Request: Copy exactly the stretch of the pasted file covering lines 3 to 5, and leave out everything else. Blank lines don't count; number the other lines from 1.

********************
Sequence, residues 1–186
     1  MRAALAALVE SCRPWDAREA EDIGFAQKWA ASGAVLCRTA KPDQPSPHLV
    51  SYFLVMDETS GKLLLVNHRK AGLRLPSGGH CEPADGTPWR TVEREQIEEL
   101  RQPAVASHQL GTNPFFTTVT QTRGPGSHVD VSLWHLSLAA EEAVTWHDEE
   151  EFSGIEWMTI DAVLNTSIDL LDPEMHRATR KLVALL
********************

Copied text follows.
    51  SYFLVMDETS GKLLLVNHRK AGLRLPSGGH CEPADGTPWR TVEREQIEEL
   101  RQPAVASHQL GTNPFFTTVT QTRGPGSHVD VSLWHLSLAA EEAVTWHDEE
   151  EFSGIEWMTI DAVLNTSIDL LDPEMHRATR KLVALL